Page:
Tuesday, March 29, 2011

Dollar Carry Trade.

What has happened is that the United States has become the world's financing machine, but in a dangerous way. What used to be known as the "yen carry trade" has now become the "dollar carry trade."

It works like this. Because rates are so low here in the U.S. market, investors and leveraged speculators borrow cheaply from U.S. banks and lenders. They take the borrowed dollars into the world currency markets, where they sell them and buy other currencies (these other currencies, of course, are from markets with higher interest rates).

Collecting the higher return from the interest-rate differential, or when investors bid up other asset prices with the cheap money they've borrowed, is known as a "carry trade," because the transaction is financed, or "carried," by borrowing cheaply.

And it's now technically the "dollar carry trade," since U.S. dollars are the currency being used to finance these often leveraged and sometimes speculative trades.

For years, because Japan's economy suffered from a stock market and real estate implosion, to keep the economy liquid the Bank of Japan (BOJ) kept interest rates lower than anywhere else in the world. That's how the Japanese yen carry trade came about in the first place.

Now the dollar-carry trade has replaced it.

One big problem with these trades is that they are leveraged trades. So if the U.S. dollar starts to appreciate - no matter what the reason - then the dollar carry trade can quickly become a loser if the amount of interest earned is eaten up by having to buy back "shorted" dollars that are rising in relative terms. The act of buying dollars back raises the price for other traders still in their trades. And if those traders have also "leveraged up" on positions in other asset classes, there could be a mad rush for the exit doors and a wholesale dumping of assets - a classic, and potentially ruinous, "short squeeze " - as the dollar rises.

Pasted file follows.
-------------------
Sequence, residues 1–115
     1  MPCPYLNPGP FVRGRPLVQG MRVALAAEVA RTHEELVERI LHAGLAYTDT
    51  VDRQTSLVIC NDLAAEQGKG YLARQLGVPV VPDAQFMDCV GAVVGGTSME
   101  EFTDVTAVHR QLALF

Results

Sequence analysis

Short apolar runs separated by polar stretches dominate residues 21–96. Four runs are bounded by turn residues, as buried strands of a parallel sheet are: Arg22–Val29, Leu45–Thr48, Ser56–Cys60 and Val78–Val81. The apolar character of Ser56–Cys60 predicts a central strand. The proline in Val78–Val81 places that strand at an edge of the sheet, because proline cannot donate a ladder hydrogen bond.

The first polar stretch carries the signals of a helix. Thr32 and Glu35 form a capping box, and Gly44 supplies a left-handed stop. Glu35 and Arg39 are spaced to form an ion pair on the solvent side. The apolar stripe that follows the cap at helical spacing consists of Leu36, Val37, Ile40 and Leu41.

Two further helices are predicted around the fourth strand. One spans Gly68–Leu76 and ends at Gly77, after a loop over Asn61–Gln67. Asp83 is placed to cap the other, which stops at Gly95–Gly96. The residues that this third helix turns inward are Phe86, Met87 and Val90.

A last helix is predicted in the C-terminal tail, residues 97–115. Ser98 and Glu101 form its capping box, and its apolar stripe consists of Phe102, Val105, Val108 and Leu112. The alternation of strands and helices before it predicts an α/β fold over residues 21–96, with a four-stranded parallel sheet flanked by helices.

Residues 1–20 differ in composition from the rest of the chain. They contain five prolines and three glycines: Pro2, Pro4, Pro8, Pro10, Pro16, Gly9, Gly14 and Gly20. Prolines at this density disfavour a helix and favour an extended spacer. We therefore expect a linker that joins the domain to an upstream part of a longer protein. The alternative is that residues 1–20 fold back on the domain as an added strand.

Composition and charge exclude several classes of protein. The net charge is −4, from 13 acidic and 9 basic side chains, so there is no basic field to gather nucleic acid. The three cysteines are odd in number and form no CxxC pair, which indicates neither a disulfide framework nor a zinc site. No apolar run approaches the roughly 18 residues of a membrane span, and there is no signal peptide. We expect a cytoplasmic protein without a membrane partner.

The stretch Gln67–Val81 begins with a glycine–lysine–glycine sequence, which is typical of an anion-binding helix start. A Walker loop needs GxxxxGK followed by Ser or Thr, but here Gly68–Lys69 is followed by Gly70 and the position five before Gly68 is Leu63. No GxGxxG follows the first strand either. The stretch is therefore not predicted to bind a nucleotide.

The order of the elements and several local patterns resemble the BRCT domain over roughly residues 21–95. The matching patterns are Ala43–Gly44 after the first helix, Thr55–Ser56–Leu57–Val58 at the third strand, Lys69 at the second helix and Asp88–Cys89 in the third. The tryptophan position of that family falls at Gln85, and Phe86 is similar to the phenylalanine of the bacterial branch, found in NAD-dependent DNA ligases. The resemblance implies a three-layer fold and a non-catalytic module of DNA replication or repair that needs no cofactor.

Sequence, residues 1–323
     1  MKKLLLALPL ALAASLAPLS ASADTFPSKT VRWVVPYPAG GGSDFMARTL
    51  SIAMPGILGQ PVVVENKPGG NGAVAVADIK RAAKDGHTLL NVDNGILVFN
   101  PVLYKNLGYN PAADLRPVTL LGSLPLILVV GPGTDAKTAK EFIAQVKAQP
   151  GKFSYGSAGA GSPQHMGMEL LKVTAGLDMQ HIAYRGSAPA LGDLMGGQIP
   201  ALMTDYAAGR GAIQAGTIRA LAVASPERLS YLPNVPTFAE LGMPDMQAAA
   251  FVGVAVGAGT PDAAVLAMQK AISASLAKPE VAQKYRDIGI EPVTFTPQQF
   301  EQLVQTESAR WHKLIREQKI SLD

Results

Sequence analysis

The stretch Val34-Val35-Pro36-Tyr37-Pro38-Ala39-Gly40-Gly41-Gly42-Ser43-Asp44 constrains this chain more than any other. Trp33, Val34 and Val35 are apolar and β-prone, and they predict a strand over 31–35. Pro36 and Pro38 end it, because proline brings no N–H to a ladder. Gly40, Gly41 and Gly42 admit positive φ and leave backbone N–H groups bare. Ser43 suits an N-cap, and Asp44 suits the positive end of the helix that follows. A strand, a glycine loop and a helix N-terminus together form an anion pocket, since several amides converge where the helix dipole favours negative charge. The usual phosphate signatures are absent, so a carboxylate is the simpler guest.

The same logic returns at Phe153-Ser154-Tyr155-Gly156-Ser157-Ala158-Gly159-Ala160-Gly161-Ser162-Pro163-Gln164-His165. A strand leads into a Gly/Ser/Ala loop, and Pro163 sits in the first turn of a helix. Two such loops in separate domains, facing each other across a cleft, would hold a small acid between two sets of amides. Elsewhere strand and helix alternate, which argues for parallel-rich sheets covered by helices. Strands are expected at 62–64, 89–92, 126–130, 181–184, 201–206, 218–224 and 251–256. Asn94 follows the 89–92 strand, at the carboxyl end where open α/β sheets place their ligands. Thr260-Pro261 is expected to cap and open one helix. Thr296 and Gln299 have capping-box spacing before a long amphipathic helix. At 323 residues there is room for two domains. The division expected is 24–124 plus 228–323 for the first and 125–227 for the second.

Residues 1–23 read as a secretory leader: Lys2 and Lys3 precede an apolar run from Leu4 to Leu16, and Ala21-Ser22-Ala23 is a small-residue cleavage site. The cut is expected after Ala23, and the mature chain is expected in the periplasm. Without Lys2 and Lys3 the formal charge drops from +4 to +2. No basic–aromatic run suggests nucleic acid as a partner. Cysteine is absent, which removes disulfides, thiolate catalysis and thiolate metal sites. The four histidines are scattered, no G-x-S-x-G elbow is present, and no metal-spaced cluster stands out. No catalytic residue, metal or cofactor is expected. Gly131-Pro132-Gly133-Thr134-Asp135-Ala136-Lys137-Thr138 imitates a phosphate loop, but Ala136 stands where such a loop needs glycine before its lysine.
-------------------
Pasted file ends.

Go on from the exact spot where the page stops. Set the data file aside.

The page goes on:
What could cause the dollar to rise?

Though it might be surprising to some, there are plenty of credible candidates. There are also a gaggle of questions to be answered. For instance:

How about, for starters, what happens when "quantitative easing" is over? What happens when the central bank has to signal to the world that it is willing and able to do something about inflationary expectations?

What will happen if our rates start to rise because fewer and fewer investors will want to buy our government's debts, and won't accept the piddling returns they get on their U.S. Treasury holdings?

What will happen if strong growth returns to our shores? Will there be enough money to lend to meet demand? We'll find out then if our banks are really as flush with cash as they claim to be.

A rising dollar would make commodities cheaper, which is a good thing. Unless you are one of the millions of speculators who bid them up, or any of the emerging markets countries like China that's been stockpiling them.
A rising dollar would make oil cheaper, which is a good thing. Unless you are one of the many countries that sells it and needs increasing oil revenue to meet budget demands.
The whole problem with the Fed's policy of engineering artificially low interest rates is that it distorts the free markets. Naturally rising rates would have snuffed out the subprime spree, as well as the excessive speculation in leveraged assets that could be financed so cheaply back then (a capability that still exists today).

Courtesy: http://moneymorning.com/2011/03/29/the-death-dollar-carry-trade/

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